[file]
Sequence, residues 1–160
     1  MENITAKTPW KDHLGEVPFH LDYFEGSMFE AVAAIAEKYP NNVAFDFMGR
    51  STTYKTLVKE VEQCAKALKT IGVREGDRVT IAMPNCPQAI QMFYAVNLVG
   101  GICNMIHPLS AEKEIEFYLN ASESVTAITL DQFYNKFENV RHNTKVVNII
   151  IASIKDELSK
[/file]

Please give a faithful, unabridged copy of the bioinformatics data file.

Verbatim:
Sequence, residues 1–160
     1  MENITAKTPW KDHLGEVPFH LDYFEGSMFE AVAAIAEKYP NNVAFDFMGR
    51  STTYKTLVKE VEQCAKALKT IGVREGDRVT IAMPNCPQAI QMFYAVNLVG
   101  GICNMIHPLS AEKEIEFYLN ASESVTAITL DQFYNKFENV RHNTKVVNII
   151  IASIKDELSK